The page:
- The Virginia State Corporation Commission struck down on Aug. 30 Dominion Energy’s interconnection parameters for certain net-metered distributed energy resources, which the Virginia Distributed Solar Alliance, or VA-DSA, said posed “unreasonable” barriers to small solar projects.
- The injunction suspends the parameters and allows development to continue on mid-sized, non-residential net-metered projects, pending the results of two interconnection dockets. The SCC said Dominion violated state code by implementing the rules without the commission’s approval.
- Dominion argued in its filings that the parameters were necessary for safe and reliable grid operation, but VA-DSA chair and cofounder Tony Smith said in an interview that an evidentiary memo provided by the Interstate Renewable Energy Council had “put to rest any questions about safety and reliability.”
“It's not about safety and reliability, it's about doing something illegal,” said Smith, who is also the president and co-founder of Secure Solar Futures. “We were very pleased, if not overjoyed, that the Commission concurred and issued injunctive relief.”
In their petition to overturn the rules, VA-DSA had argued that Dominion’s parameters posed “substantial new costs” on projects ranging from 250 kW up to 1 MW by setting forth requirements for substation upgrades, direct transfer trip dark fiber cable and distributed generation relay equipment – requirements which they wrote “are not required by the Interconnection Rules and [net energy metering] Rules, nor, prior to mid-2022, were they required by Dominion.”
Estimates from Dominion put the cost of dark fiber from $150,000 to $250,000 per mile, and the cost of purchasing and installing a DG relay panel anywhere from $450,000 to $1,450,000. This made mid-sized net-metered projects “infeasible” for the customer generators of VA-DSA members – “including public schools, municipalities, and other public and private entities seeking to achieve their sustainability goals,” they wrote.
The SCC followed the recommendation of its hearing examiner Mary Beth Adams and issued VA-DSA’s requested injunction against the parameters on the basis that Dominion had violated the “nondiscriminatory access to transmission and distribution system” section of Virginia’s state code. The parameters will be suspended “at least” until the SCC rules on two open interconnection dockets, the commission said in its decision.
“We're fortunate that the Commission stood up for its authority to rule on these matters,” Smith said. “Had Dominion prevailed against us on this petition, that would have been a signal to other utilities that they could claim safety and reliability concerns for essentially throwing out the books as far as how they’re supposed to be regulated and pursue good utility practices.”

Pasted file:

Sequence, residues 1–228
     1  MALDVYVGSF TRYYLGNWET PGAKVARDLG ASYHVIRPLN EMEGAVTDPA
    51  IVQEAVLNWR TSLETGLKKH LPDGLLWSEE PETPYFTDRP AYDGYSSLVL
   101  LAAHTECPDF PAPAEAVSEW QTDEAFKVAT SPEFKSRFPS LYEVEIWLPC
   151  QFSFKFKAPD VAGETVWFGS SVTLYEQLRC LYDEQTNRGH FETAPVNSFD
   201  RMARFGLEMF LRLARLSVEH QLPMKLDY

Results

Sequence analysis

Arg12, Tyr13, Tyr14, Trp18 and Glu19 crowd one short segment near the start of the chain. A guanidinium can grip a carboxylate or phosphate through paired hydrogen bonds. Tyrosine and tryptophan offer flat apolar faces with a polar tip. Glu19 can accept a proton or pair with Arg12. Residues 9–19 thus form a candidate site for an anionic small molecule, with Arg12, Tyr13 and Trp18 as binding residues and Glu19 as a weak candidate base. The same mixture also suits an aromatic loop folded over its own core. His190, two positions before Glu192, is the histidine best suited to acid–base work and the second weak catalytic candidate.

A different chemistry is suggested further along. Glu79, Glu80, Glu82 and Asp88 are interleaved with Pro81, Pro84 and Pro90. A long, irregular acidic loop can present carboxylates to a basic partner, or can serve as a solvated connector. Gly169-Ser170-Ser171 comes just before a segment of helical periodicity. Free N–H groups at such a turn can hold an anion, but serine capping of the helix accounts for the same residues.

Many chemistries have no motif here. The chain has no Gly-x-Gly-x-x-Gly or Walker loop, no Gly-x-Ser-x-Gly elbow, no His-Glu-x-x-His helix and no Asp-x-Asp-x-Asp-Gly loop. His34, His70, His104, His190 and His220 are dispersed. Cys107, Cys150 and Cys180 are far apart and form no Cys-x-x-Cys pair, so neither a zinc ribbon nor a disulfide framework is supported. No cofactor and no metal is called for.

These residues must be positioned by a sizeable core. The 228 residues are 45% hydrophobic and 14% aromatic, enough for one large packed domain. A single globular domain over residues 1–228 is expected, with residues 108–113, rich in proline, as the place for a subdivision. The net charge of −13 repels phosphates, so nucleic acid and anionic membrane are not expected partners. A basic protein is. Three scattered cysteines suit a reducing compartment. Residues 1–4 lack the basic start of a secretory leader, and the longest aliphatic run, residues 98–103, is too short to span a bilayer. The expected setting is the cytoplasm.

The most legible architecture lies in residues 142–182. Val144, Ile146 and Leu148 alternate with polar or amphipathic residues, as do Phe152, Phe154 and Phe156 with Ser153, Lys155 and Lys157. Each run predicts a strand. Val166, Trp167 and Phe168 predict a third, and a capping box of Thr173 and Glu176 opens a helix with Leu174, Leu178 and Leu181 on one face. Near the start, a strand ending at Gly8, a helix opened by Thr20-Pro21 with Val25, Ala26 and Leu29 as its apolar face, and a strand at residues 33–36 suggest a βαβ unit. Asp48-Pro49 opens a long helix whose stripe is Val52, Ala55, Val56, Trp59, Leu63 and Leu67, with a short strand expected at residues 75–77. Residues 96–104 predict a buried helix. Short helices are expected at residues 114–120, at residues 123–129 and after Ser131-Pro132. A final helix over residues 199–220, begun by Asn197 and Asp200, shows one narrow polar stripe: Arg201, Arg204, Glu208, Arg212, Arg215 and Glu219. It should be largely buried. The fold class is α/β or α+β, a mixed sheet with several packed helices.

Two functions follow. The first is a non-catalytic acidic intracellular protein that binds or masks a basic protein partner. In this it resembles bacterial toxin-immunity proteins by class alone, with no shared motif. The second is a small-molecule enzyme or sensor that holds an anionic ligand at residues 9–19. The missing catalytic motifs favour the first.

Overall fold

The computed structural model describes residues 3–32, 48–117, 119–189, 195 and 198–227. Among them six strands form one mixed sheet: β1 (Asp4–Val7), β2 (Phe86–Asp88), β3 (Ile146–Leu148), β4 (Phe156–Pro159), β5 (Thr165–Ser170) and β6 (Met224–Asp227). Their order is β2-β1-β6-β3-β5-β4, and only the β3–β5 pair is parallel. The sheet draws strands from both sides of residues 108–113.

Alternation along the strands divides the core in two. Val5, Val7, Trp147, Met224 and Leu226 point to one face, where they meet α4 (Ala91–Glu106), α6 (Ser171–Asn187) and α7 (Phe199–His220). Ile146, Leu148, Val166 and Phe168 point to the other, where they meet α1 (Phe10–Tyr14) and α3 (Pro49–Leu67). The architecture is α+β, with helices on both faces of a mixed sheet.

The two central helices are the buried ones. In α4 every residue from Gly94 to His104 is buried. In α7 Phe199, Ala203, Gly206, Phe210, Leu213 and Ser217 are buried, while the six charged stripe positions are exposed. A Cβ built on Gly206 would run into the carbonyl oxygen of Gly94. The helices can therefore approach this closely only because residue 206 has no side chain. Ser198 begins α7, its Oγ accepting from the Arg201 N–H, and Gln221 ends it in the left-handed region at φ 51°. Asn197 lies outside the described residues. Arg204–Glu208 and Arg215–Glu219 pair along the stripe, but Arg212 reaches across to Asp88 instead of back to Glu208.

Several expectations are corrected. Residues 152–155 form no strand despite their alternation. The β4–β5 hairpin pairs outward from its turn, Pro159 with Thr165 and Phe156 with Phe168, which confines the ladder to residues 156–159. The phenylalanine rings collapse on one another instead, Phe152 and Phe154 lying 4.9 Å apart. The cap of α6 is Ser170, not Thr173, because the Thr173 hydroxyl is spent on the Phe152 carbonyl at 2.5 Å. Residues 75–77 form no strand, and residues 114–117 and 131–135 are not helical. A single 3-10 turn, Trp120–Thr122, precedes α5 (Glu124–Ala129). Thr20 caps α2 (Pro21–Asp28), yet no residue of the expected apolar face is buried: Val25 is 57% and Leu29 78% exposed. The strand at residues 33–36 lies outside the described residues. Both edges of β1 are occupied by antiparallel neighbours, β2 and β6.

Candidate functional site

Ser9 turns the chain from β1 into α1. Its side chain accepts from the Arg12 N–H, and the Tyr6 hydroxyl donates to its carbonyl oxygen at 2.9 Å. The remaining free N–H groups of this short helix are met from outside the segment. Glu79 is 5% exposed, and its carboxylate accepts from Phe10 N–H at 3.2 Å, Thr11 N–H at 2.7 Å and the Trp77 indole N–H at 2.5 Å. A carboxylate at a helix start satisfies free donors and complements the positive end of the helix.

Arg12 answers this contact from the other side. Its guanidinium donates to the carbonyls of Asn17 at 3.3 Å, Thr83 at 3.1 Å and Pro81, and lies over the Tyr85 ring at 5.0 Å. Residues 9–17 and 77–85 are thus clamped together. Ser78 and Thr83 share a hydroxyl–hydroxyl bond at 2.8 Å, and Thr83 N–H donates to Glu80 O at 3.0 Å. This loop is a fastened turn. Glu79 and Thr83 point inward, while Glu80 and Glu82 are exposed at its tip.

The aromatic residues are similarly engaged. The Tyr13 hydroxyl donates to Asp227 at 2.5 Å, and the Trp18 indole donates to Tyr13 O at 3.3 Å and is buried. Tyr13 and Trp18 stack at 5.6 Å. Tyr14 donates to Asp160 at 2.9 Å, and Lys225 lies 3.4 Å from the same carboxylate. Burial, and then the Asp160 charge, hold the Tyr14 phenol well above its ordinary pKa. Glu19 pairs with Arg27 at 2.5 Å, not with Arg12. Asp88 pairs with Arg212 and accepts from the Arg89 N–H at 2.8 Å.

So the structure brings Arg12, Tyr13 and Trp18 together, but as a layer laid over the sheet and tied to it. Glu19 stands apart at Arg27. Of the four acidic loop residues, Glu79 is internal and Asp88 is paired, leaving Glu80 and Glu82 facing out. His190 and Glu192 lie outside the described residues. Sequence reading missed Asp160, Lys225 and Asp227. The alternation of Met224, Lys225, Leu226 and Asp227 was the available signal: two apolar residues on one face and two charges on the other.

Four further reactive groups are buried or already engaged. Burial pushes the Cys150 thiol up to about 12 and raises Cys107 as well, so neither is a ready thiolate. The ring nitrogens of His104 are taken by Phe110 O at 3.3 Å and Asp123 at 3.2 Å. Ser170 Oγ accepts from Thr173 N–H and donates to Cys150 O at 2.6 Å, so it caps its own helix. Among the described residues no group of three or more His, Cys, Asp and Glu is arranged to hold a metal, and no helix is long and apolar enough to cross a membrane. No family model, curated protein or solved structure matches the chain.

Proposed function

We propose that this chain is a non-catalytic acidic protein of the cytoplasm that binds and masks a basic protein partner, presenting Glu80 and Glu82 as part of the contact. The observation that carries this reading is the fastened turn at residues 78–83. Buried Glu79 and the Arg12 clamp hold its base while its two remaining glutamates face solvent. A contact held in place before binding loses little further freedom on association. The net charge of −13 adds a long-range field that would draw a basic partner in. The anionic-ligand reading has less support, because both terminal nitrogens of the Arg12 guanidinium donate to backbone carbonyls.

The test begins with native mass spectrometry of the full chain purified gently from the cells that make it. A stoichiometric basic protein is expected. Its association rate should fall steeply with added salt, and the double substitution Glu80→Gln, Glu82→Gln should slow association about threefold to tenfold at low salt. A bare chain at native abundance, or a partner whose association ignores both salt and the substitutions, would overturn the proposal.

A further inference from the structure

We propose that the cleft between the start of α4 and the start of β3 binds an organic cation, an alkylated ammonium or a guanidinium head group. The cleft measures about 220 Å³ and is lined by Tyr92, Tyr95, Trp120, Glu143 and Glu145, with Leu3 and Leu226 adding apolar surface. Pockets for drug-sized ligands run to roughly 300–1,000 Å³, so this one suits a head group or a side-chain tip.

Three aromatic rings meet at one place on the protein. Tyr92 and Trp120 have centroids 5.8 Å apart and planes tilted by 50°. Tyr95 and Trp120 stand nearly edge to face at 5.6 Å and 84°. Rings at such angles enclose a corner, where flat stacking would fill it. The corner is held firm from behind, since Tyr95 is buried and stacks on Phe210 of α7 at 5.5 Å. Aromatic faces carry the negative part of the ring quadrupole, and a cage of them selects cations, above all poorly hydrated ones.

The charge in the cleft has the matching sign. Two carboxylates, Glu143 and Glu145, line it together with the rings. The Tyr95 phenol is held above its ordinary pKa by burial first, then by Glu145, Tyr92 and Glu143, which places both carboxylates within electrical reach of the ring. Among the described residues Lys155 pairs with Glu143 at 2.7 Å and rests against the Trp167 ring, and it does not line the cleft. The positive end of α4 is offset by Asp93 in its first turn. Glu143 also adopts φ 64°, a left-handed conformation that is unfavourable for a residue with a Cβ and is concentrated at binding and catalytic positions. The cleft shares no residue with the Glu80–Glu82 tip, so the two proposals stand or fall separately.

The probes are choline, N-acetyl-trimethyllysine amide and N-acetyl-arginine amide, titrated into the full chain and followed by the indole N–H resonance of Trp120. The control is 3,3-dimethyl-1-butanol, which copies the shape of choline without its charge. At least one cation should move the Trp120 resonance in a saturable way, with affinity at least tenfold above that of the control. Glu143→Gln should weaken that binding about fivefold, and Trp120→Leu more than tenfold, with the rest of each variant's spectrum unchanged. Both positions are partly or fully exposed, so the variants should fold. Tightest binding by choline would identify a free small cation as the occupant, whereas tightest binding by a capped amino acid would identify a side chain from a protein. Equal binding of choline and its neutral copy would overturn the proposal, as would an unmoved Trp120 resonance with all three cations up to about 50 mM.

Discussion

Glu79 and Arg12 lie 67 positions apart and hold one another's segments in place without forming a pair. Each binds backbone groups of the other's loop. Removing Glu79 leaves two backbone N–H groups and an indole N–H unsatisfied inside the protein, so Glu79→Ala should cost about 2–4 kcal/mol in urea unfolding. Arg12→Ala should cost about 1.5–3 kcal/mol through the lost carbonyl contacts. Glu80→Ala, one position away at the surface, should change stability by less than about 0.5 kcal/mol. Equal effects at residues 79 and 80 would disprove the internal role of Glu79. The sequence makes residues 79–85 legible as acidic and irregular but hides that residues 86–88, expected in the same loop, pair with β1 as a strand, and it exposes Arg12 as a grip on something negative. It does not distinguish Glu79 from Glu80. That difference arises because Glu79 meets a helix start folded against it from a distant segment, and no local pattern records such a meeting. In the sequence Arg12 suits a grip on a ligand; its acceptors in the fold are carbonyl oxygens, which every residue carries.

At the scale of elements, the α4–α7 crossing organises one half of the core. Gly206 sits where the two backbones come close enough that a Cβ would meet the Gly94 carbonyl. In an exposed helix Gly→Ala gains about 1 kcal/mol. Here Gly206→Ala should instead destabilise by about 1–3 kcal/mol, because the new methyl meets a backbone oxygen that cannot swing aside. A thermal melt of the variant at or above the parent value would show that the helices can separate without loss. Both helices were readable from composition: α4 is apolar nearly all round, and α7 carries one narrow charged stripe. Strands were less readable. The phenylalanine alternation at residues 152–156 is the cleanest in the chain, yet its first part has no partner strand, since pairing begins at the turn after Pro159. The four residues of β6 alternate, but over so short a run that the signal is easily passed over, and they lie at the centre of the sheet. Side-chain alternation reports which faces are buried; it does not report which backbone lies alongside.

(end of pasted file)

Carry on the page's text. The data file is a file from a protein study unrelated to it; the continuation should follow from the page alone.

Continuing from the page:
In an email, Dominion spokesperson Jeremy Slayton said that the utility will continue to evaluate the SCC’s order to determine its next steps.
“Our filings and interconnection requirements are designed to ensure the same safety and reliability standard, regardless of who builds and operates the generation sources on the grid. We believe this to be critical to maintaining a reliable energy grid,” Slayton said.
Smith said he, along with other solar developers in Virginia, have had “really good relationships” with individual Dominion employees, including CEO Robert Blue. “It's not that there's no precedent for collaboration. It's just very informal, and episodic,” he said.
He hopes that the increasing adoption of renewable energy, a less centralized form of generation, will create an environment where Virginia’s distributed solar developers can “seek collaborative advantage” with Dominion.
“We need Dominion to not only survive, but to thrive,” Smith said. “The worst thing that could happen in Virginia would be for Dominion to entirely collapse – that would be a disaster.”
VA-DSA’s next priority, Smith said, is receiving clarity from Dominion and the SCC on implementation and compliance of the commission’s final ruling. Though the VA-DSA had expressed interest in seeking compensation from Dominion for the costs incurred by project delays and cancelations, Smith said the alliance is no longer pursuing that.
Connor Kish, director of the Virginia Sierra Club – a VA-DSA member – said the priority for clean energy advocates in the state is now ensuring that the projects impacted by the rules can “get back off the ground.”
“Secondly, I hope people who are interested in continuing or placing distributed generation assets now go for it, because it is clear that the law of Virginia allows for distributed generation,” Kish said. “And I think that the ruling should give some comfort to either citizens or companies or financers, that they can go ahead and move forward.”